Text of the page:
Points of view

I am fortunate to work in the same building as several other fiction writers. We have a discussion group that meets once a week, where we critique each other’s work. I’m presenting a section of Stacked to Death to them this afternoon.

One of the other members is the director of our college writing center. She writes urban fantasy – her first book was about vampires; now she’s writing about dragons, with a few vampires thrown in. She asked me a question the other day that got me thinking – do I know things about my story that my main character doesn’t? Her reason for asking was her concern about plot holes. If there is information that the reader needs, but the main character doesn’t know it, how do you tell the reader, if you write in first person POV (like I do) or third person limited POV (like she does)?

My answer to her: if it’s information that the reader needs to know, otherwise there will be a plot hole, then a character that does know the information has to tell the main character, or she has to discover it somehow. It may be awkward to create a conversation with another character to get that information to the reader, but it has to be done.

Our talk made me think about what my protagonist, Jamie, knows. Jamie isn’t omniscient. He only knows what he learns or sees himself, or what others tell him. This is especially true of off-page characters. An example – a character that was mentioned briefly at the end of Psyched to Death, Robbie Harrison’s wife. Jamie doesn’t know her, never met her. The only source of information he has about her is Robbie, who at the moment is very angry with her for having him followed – he calls her a bitch. Jamie tells him that’s not nice – but he doesn’t know the woman. For all he knows, maybe she is a bitch.

But she’s not. I know her – I created her, right? Ashley Harrison, a beautiful blonde, stay-at-home mom to her two girls. I based her on someone I used to know, a woman married to an insurance company executive – a great mom, loved to entertain, was very generous, but was hell on wheels when she was angry. Ashley is a great mom, but she’s not perfect. Her marriage hasn’t been good for a while, but she hasn’t done anything about it, because she likes not having to work and she likes the well-to-do friends she’s made as a result of Robbie’s profession. She likes her big house in a wealthy neighborhood and she likes spending Robbie’s money. She thought Robbie was having an affair with a woman, and the discovery that he’s been seeing a man has sent her temporarily off the deep end.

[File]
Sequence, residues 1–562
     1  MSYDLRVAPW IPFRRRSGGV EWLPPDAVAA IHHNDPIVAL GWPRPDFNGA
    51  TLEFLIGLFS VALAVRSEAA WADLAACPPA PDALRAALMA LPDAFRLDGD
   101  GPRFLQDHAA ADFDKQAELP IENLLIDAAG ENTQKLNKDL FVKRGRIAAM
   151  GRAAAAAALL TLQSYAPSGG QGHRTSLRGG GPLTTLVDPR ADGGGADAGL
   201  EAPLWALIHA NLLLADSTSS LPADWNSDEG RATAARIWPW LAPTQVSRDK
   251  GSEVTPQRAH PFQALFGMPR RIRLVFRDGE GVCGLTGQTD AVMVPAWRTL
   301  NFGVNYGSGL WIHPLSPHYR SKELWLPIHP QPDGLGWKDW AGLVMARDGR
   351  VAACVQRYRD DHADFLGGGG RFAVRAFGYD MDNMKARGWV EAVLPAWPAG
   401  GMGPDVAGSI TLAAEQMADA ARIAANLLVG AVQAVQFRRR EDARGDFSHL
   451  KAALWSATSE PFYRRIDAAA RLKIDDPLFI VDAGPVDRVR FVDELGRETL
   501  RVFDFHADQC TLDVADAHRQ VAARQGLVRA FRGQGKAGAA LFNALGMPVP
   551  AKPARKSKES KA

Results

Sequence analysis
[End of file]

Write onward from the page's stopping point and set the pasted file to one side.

But there is no way for Jamie to know any of that, because Robbie doesn’t tell him. Ashley’s character is not germane to the plot, and I’m not going to put the brakes on what is the climax of the story for Jamie to ask Robbie to please tell him all of Ashley’s good points.

I got accused of misogyny by a reviewer because Robbie called Ashley a bitch. The reviewer even said that it was Jamie that called her a bitch, which of course it wasn’t. Jamie was raised better than that. 😀

I guess there are two morals to this story. First – as a reader, remember that first person POV means that Jamie doesn’t know anything more than you do. Because you only see things from his point of view, you only have what he sees and hears.

Second, if you want to accuse a writer of a particularly egregious trait, don’t base your accusation on such a minor character. Take a look at the characters that are fully drawn. The characters that Jamie knows well and interacts with himself. In this case, Liz, Ali, Mel, Dr. Bibbins, Dr. Loomis, Valerie, Abby, Barb, Connie…etc.

And remember – if Jamie’s getting misled, so are you. 😀

 

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